What is the exponent of the largest power of two whose base seven representation doesn't contain three zeros in a row?
Normally, I hate "brain-teaser" type interview questions. I make it a point to never ask brain-teasers in interviews and don't put too much weight on candidates' answers when my fellow hiring managers ask them. The reason is simple: the typical brain-teaser is too easy to game.
Take BitTorrent's question, for example, the answer is 8833.
BitTorrent asked for python code to solve the problem, but that is a red-herring. You cannot solve the problem in python. Sure, you could write a program like the following that prints all of the powers of 2 that do not have three consecutive zeros in the base-7 representation:
digits = 
while x != 0:
x, r = divmod(x, 7)
return ''.join(reversed(digits)) or '0'
i, x = 0, 1
if '000' not in base7(x):
i += 1
x += x
But BitTorrent asked for the largest power of two that meets the requirements. How do you know when a number printed by the above program is the largest? You don't! There are infinitely many numbers and this program has to test them all. That'll take a while.
The full solution to BitTorrent's problem requires you to find the upper-bound of the search -- which can only be done without a single line of python code (despite their requirement to use python): you have to solve it using math. Which implies that BitTorrent actually wants their ideal candidate to be a mathematician first and foremost. That isn't necessarily a bad thing; I don't know anything about BitTorrent's business, maybe they need people with particularly strong math backgrounds (much stronger than mine, that is).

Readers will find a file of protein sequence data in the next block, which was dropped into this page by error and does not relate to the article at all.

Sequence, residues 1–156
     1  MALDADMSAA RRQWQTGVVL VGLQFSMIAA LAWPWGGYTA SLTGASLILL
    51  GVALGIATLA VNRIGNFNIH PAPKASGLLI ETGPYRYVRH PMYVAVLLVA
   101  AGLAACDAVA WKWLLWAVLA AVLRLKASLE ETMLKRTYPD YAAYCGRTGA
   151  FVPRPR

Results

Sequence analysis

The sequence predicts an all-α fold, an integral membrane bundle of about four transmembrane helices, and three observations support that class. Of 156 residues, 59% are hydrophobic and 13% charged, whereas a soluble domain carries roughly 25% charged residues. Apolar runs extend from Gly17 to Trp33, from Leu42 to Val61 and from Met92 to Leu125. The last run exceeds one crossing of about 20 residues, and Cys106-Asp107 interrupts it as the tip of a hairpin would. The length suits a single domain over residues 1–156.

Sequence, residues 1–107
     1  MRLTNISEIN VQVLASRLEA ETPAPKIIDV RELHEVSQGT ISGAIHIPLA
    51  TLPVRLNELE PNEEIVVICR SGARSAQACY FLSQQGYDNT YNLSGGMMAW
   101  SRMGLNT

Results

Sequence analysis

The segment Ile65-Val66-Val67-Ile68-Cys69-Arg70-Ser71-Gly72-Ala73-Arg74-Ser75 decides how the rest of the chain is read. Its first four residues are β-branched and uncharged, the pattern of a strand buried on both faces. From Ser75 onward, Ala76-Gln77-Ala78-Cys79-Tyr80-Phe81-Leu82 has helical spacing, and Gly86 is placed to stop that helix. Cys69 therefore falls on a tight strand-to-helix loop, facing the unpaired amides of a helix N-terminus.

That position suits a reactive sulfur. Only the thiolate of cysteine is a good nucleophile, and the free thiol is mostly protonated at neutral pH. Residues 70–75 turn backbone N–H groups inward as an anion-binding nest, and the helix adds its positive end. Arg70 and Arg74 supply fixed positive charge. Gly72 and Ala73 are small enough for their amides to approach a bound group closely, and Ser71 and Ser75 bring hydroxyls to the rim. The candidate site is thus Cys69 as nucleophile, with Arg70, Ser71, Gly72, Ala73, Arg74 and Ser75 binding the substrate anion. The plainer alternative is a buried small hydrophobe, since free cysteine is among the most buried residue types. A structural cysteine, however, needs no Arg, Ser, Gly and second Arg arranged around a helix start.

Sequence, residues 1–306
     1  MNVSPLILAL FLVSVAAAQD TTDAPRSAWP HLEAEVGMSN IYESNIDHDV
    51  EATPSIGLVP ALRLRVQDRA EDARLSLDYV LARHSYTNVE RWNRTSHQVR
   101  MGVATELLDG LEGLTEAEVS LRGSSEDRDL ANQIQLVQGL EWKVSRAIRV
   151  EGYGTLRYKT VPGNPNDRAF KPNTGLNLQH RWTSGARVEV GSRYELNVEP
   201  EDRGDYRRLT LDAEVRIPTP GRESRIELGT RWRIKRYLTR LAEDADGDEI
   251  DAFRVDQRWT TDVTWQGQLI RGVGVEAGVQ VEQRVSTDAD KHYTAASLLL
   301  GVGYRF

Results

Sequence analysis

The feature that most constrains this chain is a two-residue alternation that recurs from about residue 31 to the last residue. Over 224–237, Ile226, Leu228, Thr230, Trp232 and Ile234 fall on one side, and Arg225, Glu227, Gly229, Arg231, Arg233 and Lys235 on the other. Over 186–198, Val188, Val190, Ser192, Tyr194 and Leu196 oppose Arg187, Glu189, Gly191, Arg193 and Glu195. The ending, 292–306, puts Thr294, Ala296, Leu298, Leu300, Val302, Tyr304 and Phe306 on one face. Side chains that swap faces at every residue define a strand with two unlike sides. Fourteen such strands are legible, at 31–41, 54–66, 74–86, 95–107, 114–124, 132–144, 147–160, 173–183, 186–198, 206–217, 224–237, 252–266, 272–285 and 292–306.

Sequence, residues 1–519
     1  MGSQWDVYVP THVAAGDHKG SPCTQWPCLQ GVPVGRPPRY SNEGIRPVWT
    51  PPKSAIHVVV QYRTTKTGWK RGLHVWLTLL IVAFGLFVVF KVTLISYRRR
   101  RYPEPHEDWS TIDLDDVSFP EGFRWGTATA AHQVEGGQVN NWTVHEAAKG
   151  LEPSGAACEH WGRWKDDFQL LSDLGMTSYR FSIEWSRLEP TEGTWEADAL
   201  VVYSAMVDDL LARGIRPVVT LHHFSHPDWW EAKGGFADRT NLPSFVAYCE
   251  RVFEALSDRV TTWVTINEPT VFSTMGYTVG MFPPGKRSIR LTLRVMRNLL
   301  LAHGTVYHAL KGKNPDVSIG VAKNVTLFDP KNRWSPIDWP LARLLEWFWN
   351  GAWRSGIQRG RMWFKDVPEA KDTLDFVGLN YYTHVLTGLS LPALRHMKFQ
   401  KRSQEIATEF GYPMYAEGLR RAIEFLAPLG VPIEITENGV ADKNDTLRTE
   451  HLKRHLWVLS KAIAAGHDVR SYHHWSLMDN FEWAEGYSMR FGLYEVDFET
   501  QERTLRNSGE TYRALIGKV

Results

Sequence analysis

But there is actually another way to obtain the solution: use Google. So knowing how to work a search engine will get you in the door just as effectively as having an advanced math degree. Go figure.
Neither skill says anything about the candidate's programming ability or knowledge of python in particular. In fact, I would argue that attempting to "solve" the problem by writing a python program without including the proof supporting your solution should disqualify the candidate as demonstrating that they don't understand the problem. Writing code without understanding the problem is well into Code Cowboy territory.
Anyway, the point I wanted to make was that it has been my experience with "brain-teasers" that at best they give the interviewer some vague idea of the candidate's problem-solving ability. Far more often, however, they randomly filter out people who may be perfectly good programmers but who didn't happen to have memorized (or found online) the answer to the particular brain-teaser you throw at them.
When I do interviews, I figure I only have a limited time to interview a potential employee. I would rather spend that time asking questions specific to software engineering, computer programming, or the problem domain we are hiring for. I always prepare a progression of real-world questions ranging from "easy" to "guru", with no expectation to ever ask the "guru" questions -- my intention is to see what the candidate's level of ability is and, more importantly, to see how they handle a question or two slightly beyond their ability. Maybe it's because I'm not too bright myself, but that tells me much more about the candidate's suitableness for a position than an abstract brain-teaser ever does.